29-year-old Donna Asutaits has been jailed for 16 months for failing to pay tax on her earnings, after she became a 'high-class' escort in order to put herself through university.
So how can the country claim tax on illegal activity?
The crimeA report in the Telegraph revealed that between 2005 and 2007, Asutaits was a self-employed 'high class' escort, charging £1,000 a night for her services.
As Southwark Crown Court highlighted, the nature of the work made it hard to estimate her income in that time. However, she paid £110,000 as a cash deposit on a Knightsbridge flat, and when police raided her home they found £72,702 in cash and valuable jewellery.
Prosecuting barrister Jonathan Polnay said: "When she was arrested she read out a pre-prepared statement in which she said she had been a self-employed escort for about ten years, and that she was often paid in cash and received valuable jewellery in gifts."
Prosecutors initially accused Asutaits of earning £870,000 over five years and owing £315,000 in tax, but she successfully showed the tax-free period of earnings was just two years.
Judge Peter Testar found her guilty of avoiding £120,000. He said: "In my judgment this was an offence that was fraudulent from the outset carried out over a significant period of time. From the outset the defendant made the decision that she was not going to account to the public authorities for the money that she was receiving from her occupation."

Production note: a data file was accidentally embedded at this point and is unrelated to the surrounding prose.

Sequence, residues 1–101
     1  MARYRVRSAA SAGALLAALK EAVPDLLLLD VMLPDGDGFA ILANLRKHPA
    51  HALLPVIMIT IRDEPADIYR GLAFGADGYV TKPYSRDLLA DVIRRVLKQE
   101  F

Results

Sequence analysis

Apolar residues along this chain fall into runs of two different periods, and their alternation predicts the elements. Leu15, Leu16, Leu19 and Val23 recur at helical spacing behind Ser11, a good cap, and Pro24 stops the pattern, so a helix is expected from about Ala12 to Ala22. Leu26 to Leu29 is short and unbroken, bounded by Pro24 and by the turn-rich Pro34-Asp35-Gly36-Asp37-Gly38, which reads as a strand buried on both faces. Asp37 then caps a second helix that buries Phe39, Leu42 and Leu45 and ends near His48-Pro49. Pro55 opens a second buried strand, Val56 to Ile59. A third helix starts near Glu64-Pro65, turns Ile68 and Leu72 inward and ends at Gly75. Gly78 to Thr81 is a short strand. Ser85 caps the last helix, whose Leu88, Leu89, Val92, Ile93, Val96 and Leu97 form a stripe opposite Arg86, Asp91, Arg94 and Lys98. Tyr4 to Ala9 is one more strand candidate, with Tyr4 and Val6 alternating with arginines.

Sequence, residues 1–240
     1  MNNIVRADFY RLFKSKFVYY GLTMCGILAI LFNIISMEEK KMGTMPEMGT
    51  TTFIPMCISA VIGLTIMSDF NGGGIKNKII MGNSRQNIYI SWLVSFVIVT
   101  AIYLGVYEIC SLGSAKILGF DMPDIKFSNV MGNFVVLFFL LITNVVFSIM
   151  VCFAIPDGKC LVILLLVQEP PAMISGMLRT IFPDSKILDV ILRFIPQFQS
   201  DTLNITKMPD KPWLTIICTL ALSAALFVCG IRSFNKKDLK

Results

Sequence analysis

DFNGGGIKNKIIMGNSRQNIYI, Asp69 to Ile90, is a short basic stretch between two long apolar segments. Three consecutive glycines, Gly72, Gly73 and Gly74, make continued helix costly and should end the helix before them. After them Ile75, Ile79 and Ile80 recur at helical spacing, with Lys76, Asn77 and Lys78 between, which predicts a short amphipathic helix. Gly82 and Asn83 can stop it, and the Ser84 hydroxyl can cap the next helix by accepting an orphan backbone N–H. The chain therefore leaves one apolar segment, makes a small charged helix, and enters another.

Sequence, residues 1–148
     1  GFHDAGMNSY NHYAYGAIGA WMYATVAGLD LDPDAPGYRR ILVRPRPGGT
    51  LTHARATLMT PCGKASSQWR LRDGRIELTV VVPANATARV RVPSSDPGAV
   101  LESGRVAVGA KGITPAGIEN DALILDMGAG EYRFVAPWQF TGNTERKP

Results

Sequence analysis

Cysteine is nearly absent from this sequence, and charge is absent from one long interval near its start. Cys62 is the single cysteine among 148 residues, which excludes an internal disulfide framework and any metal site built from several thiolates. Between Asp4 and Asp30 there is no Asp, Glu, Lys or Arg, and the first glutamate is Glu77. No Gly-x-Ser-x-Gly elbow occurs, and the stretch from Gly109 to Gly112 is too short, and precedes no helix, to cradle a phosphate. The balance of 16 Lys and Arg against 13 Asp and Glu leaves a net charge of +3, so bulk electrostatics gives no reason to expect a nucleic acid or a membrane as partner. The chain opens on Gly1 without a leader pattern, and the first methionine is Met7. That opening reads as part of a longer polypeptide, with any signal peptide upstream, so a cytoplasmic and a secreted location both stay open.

She admitted one count of cheating the public revenue between April 2005 and January 2007, when she earned more than £300,000 as an escort, and there will be a proceeds of crime hearing to try to claw back some money.
How can tax be due?It would seem bizarre that the UK government can collect tax on something that falls outside of the law. However, there are two things to bear in mind. First, working as an escort is legal. While solicitation is illegal, the act of prostitution and the payment of cash are completely legal.
Second, just because an activity is illegal, it doesn't mean it's not liable to tax. If a shopkeeper sold alcohol to someone under 18 they would still have to pay tax on the profit.
A case in 1990 made the tax position perfectly clear, and as the taxman says: "If the activities of a prostitute or any other person deriving income from prostitution are organised in such a way as to constitute a trade or profession, the profits are liable to income tax."
In fact, prostitutes also have to be VAT registered if their income is over £77,000 a year, and have to charge their clients VAT. Presumably, not many of them ask for a receipt.